Tuesday, December 2, 2008

Excerpt from "Environmentalism and Revolutionary Energetics: Monadnock, Oxbow and a Very Sad River in Chicago"

"Environmentalism and Revolutionary Energetics:
Monadnock, Oxbow and a Very Sad River in Chicago"
Part One

This is an 'article' (I'm not sure what to call it) I wrote about issues of environmentalism and spirituality. It addresses concepts of indigeny and energetics along with religion, politics and even Ayn Rand. Stay tuned for further excerpts. Comments and feedback are highly regarded. US

"Put "environmentalism" into your search engine and see what comes up.

(long pause.... waiting for you to do as suggested.... ok...do it later...)

As I pondered the relationship of environmentalism and revolutionary energetics in the purview of the information supersidewalk, I was confused, surprised and disappointed considering my assumption of the positive nature of a movement or set of ideas named "environmentalism". Envisioning images of well-written picket sign slogans outside of corporate headquarters, brave and valiant, nay intrepid eco-warriors in Navy Seal-esque inflatables buzzing behemoth high-tech whaling ships on the cold, open seas and quietly powerful women setting up shop in beloved trees, I was summarily smited by such resources as:

"Environmentalism.com home
Links and articles analyzing the destructive religion of environmentalism."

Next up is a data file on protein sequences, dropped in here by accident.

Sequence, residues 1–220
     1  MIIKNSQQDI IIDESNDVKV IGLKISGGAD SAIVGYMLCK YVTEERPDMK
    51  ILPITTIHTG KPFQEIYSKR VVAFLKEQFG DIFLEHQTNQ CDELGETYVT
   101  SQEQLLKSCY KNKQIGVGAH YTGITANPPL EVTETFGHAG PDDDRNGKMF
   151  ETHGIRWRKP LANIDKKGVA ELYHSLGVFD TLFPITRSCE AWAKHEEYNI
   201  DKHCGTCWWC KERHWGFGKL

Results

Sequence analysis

"The Death of Environmentalism
File Format: PDF/Adobe Acrobat - View as HTML
In this remarkable report on how environmentalism became a special ...
modern environmentalism is no longer capable of dealing with the world's most serious ..."

"Environmentalism Refuted - George Reisman - Mises Institute
Environmentalism is the product of the collapse of socialism in a world that is ignorant of the contributions of Ludwig von Mises-a world that does
not know ..."

"The Ayn Rand Center for Individual Rights: Environmentalism and ...
Argues that environmentalism uses false scientific claims to frighten the unwary , has a doomsday mentality reminiscent of Dark Age fanatics, ..."
(electronic search, Google, retrieved 10/25/08 from http://www.google.com/search?q=environmentalism&ie=utf-8&oe=utf-8&aq=t&rls=org.mozilla:en-US:official&client=firefox-a)

The above links were not the only ones that came screaming bloody-humanity-murder off of my computer screen, but they were the ones that demanded the most of my attention. As a student of progressive and revolutionary social movements and politics (and physics), I know that there is always a reactionary backlash to any substantial progressive or revolutionary action or set of ideas. The presence of these websites on the first of many pages about environmentalism was a clear statement of the organizational power of these reactionary forces and, unluckily, a tip-off to a possible deficit of organization of the environmental movement, at least on the pages of Google.